• Authoritative reference works (who needs serious references?)
  • Respect for doctors and other professionals (journalists too?)
  • Geographical knowledge (again, obvious here)
  • Mainstream media (ditto)
You can read the story to get an explanation for all of these.  Some are obvious, like mainstream media, some less so -- like memory.  In the article they make the case for something I've blogged about before, the shift from what people know to what people can find. It's an important distinction.

Fun list, and the great thing about lists is they're even more fun to argue about.  See this story, which quotes me about why we love lists (I blame God and Moses, mostly, followed by David Letterman).

Sunday, September 13, 2009

What People Know -- About Their Teeth?

Offered with little comment on a Sunday afternoon, a survey reported here that looks at what people know about their teeth and why it matters.  Here's a factoid from the survey that surprised me: "More than a third of the survey respondents (36 percent) admit their child brushes his or her teeth less than once a day."  

Obama's Favorability -- Slip Sliding Away

Obama's favorability is slip sliding away, at least according to recent Pew Center numbers.  The neat thing about this page is you can click here to get any number of socio-demographic breakdowns -- in annoying pdf format -- but why bother?  He's dropped in just about every category or way to break people up (sex, region in U.S., income level, race, political persuasion, etc.).  Call it a universal slide, to make a bad health care pun.  You can get broader presidential job approval numbers here, which gives you a sense of their shift over time.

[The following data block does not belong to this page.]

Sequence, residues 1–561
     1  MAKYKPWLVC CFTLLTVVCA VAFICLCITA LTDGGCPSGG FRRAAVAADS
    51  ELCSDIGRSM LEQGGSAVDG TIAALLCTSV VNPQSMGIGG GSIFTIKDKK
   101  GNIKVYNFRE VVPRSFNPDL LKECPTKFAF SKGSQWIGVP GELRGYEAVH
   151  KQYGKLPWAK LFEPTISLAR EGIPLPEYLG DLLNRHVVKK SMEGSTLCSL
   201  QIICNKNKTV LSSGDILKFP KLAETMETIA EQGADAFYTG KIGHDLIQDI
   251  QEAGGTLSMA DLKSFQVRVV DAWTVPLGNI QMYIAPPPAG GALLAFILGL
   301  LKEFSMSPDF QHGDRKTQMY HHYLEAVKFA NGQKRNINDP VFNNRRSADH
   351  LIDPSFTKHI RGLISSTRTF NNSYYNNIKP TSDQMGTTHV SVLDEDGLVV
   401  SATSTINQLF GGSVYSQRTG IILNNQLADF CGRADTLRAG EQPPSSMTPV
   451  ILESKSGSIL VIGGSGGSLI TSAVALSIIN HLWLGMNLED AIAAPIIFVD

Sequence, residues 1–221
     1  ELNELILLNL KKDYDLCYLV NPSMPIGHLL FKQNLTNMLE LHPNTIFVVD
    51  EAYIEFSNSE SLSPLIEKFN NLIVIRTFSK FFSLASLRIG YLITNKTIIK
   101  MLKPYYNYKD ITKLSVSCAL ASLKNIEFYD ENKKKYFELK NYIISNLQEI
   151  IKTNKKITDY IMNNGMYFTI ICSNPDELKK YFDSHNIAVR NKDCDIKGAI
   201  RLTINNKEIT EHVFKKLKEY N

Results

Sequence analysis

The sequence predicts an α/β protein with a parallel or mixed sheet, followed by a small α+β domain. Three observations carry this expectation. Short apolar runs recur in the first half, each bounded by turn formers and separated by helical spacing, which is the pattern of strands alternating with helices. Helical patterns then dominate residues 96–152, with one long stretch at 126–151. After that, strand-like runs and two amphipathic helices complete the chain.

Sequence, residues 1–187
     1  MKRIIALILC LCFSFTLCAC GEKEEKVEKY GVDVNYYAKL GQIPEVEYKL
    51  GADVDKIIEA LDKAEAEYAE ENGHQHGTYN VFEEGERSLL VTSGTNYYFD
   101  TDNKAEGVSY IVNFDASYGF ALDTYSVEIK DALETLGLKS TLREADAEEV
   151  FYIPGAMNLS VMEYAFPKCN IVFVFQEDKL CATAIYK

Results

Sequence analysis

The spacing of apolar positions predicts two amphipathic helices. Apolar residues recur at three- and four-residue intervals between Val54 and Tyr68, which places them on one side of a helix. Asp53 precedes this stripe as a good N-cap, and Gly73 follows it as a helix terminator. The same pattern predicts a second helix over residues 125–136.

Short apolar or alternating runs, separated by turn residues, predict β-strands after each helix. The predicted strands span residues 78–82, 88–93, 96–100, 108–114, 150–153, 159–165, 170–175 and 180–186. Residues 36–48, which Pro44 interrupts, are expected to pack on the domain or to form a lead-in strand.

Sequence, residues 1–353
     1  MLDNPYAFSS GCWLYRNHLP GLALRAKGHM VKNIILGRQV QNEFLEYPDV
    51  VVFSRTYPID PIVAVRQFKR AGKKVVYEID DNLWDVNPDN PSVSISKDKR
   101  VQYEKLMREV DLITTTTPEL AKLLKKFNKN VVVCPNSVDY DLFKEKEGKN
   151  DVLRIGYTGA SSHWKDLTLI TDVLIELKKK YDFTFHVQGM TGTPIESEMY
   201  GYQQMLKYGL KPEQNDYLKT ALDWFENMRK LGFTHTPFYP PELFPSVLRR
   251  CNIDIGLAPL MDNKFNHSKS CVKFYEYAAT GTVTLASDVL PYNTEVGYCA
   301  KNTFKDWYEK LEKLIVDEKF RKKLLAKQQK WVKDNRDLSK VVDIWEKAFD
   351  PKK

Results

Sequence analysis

Saturday, September 12, 2009

Our Personal Networks:
A Methodology Moment

We get our political information in lots of ways -- the news media, obviously, but also from the people we talk to every day, our social network.

It's the latter that is the focus of an article in the most recent issue of Public Opinion Quarterly. The authors look at two different ways of generating survey data about people's social networks.  As the authors write:
"One method asks respondents to provide information about the individuals with whom they discuss 'important matters,' while the other asks respondents to provide information about the individuals with whom they discuss politics.  We find that respondents provide more or less the same data on their political discussion partners regardless of which name generator procedure is used."

My first thought was -- wow, cool, you can get published with a null finding.

My second thought was -- there's leeway in how we study social networks, allowing us to confidently compare studies with slightly different methods.  Useful.

The authors conclude that our "core and political discussion networks comprise the same individuals."  In other words, we talk to the same people ... politics, or not.

That's good to know from a methodological standpoint.  I assumed people carve their larger social networks into smaller chunks.  This chunk is made up of people you talk about politics with, that chunk is people you talk music with, that other chunk is for religion, etc.  Maybe some overlap, but I always assumed there were differences.  This research suggests not.